U.S. Supreme Court

Does Second Amendment protect right to carry gun outside home? SCOTUS declines to decide the issue

  • Print.

The U.S. Supreme Court has declined to hear a case that contended the Second Amendment protects the right to carry a gun in public.

The New York law at issue requires gun owners seeking a “concealed carry” permit to demonstrate a special need for self-protection, report the New York Times and the Los Angeles Times.

According to SCOTUSblog, there is a “clear split” among the federal appeals courts on whether the Second Amendment protects gun rights outside the home, “and yet that was not sufficient to draw the court back into the center of the controversy.”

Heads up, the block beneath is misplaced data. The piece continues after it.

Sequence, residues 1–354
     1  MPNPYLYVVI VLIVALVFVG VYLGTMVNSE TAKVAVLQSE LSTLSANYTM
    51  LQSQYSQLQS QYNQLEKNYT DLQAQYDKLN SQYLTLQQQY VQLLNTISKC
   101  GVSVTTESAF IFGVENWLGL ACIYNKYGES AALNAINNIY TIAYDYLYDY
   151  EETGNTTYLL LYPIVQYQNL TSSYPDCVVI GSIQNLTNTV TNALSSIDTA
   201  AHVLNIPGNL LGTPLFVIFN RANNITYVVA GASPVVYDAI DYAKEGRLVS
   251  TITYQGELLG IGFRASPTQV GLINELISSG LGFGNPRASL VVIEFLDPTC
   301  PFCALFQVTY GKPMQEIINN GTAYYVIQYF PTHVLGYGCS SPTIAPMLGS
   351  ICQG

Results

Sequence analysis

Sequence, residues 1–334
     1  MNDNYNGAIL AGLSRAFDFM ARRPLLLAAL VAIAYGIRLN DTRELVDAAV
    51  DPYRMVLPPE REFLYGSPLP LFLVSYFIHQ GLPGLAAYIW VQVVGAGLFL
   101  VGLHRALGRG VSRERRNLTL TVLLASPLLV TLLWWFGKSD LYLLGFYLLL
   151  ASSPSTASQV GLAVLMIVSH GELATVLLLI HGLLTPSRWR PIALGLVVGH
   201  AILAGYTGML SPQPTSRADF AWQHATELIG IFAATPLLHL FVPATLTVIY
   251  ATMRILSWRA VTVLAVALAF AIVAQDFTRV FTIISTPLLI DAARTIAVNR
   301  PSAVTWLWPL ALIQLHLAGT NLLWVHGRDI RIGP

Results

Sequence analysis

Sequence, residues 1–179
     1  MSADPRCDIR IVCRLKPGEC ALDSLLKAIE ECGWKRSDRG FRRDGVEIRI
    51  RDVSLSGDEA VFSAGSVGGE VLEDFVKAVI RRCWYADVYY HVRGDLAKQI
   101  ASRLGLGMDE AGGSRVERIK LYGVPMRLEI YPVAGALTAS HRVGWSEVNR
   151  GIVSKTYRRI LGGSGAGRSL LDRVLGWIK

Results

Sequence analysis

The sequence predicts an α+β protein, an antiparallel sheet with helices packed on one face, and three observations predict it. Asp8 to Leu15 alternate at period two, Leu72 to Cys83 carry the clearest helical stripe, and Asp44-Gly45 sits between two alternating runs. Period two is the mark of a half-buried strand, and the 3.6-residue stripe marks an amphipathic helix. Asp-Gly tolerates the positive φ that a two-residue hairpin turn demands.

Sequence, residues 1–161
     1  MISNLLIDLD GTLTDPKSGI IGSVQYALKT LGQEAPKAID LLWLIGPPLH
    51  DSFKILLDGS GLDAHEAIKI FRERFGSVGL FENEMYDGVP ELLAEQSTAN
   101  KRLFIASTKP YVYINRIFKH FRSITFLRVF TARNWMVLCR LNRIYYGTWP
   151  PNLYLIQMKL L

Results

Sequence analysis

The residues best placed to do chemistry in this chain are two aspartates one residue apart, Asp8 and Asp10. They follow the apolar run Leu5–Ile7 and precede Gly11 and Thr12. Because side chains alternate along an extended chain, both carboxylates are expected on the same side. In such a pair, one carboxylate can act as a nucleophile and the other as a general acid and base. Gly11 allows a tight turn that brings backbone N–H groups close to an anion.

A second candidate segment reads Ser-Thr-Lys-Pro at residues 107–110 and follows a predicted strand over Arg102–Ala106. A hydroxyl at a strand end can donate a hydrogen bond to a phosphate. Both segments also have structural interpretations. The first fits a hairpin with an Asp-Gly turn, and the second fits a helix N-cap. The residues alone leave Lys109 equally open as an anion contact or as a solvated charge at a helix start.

UCLA law professor Adam Winkler told the Los Angeles Times in its preview of the case that the justices may decline cert. “Some of the justices may be hesitant to take a Second Amendment case while nerves are still raw from Newtown,” he said.

The case is Kachalsky v. Cacace. The New York-based 2nd U.S. Circuit Court of Appeals had upheld the law, which is similar to laws in California, Hawaii, Maryland, Massachusetts and New Jersey. The appeals court said the U.S. Supreme Court decision in District of Columbia v. Heller dealt with the right to own a handgun in the home and didn’t address self-defense outside the home.

In December, the Chicago-based 7th U.S. Circuit Court of Appeals issued a contrary ruling, striking down an Illinois law that barred most citizens from carrying guns outside the home. The law is the nation’s strictest concealed carry statute.

Give us feedback, share a story tip or update, or report an error.